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each on strings #247

booo opened this Issue July 14, 2011 · 6 comments

5 participants

Philipp Borgers Jeremy Ashkenas (Soreλ\a) Kit Cambridge Paul Harper
Philipp Borgers
booo commented July 14, 2011

The forEach function works in 1.1.6 on strings. On the current HEAD and the 1.1.7 version each does not work on strings.

_.each("foo",function(x) { console.log(x)})
Jeremy Ashkenas

_.each has never worked on strings.

Jeremy Ashkenas jashkenas closed this July 14, 2011
Philipp Borgers
booo commented July 14, 2011

Just for the record. It's working in 1.1.6. Perhaps this was never intended but it works! Perhaps you can add this as a feature?



Actually, since underscore delegates to the native implementation of JS's functional array utilities, _.each should work on Strings, as they're essentially collections of characters/array-like stuff/whatever.

The thing is that _.each does not do step 1 of Array.prototype.forEach, which is converting the given object to an actual object, which means that x in y when y is a String would fail. And so would y[i] in some engines.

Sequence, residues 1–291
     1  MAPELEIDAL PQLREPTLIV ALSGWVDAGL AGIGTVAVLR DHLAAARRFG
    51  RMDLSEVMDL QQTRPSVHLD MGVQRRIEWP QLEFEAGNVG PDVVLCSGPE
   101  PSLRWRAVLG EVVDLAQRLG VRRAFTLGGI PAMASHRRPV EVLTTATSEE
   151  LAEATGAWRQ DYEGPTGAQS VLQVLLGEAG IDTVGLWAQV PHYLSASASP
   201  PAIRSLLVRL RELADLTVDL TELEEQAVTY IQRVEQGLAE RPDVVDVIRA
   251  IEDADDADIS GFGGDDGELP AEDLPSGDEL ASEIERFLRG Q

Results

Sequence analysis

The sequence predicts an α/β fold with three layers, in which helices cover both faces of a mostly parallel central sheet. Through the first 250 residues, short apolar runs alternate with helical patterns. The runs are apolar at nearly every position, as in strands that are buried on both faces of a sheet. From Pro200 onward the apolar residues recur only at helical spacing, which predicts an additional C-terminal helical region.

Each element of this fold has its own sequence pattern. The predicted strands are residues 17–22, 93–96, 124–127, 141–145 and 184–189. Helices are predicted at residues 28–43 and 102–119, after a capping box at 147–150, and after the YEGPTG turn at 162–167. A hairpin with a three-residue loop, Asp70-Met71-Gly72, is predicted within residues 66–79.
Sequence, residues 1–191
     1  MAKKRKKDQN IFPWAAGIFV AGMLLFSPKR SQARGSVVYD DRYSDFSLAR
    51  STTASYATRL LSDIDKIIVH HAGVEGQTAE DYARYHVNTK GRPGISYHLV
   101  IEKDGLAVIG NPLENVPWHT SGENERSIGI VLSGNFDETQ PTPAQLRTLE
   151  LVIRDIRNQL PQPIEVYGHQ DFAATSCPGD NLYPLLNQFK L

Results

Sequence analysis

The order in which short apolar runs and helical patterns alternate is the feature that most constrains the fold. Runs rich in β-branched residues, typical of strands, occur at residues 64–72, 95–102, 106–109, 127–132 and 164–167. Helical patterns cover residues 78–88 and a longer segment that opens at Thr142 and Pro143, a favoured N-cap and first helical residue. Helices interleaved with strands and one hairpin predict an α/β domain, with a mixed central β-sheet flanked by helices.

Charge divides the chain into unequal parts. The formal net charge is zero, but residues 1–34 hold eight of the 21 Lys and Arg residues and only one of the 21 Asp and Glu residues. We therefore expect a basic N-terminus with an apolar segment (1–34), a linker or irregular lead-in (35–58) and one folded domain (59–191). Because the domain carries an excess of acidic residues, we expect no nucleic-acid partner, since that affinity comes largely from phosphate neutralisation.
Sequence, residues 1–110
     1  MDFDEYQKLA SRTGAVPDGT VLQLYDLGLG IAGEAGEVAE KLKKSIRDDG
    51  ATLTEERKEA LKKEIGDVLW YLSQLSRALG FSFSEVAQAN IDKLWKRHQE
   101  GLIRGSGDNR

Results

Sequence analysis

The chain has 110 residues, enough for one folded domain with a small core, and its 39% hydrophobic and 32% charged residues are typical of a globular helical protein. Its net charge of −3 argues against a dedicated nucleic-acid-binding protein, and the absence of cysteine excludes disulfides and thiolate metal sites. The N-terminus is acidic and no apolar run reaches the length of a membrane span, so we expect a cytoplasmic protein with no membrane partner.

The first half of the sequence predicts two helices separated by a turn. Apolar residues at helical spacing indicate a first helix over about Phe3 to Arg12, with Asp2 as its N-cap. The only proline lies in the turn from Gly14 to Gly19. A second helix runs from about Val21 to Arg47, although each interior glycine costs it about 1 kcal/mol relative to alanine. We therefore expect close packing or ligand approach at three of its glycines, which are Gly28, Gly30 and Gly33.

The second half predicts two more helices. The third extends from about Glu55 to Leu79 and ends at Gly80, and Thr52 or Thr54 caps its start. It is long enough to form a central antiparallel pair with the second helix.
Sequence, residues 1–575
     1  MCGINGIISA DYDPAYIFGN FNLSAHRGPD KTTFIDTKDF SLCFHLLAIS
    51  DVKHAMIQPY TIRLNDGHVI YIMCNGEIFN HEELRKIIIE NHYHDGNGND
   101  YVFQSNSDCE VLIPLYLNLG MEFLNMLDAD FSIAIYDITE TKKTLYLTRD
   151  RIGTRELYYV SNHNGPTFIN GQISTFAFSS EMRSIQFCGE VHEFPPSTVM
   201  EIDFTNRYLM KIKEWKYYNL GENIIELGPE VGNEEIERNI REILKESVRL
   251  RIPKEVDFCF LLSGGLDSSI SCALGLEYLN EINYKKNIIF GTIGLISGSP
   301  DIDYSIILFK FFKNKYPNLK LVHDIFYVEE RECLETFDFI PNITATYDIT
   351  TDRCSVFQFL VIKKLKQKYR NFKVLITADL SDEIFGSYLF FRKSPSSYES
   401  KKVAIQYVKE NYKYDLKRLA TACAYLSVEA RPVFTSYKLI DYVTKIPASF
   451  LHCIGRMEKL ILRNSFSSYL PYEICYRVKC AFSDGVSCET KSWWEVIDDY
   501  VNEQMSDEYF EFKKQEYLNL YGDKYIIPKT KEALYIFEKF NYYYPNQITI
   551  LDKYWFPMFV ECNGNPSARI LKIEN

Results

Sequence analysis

However,"foo", function(x){ console.log(x) }) will log "f", "o" and "o".

tl;dr; if add obj = Object(obj) after if (obj == null) return, it will work :3


Kit Cambridge

Indices-as-characters in strings don't work in older versions of IE, I'm afraid. While charAt may be used to provide consistent cross-browser iteration over characters, supporting string values in _.each will create a type-checking nightmare.

@booo: Iteration over strings is unsupported in Underscore 1.1.7 due to a change to _.each that adds support for sparse collections. See line 77...the new i in obj check throws an exception when a string is provided, as the in operator doesn't work with primitives.


Eh, but does converting a string to an object poses the same problem in these old IE engines?

Edit: String object, even.

Paul Harper
var s1 = "asdf";
// These next two should both be an instance of String
var s2 = Object(s1);
var s3 = new String(s1);

// The following statements all return "a" in modern browsers
// In IE7, they all return undefined
// In IE8 the first one returns "a" and the others return undefined

Here's a fiddle.

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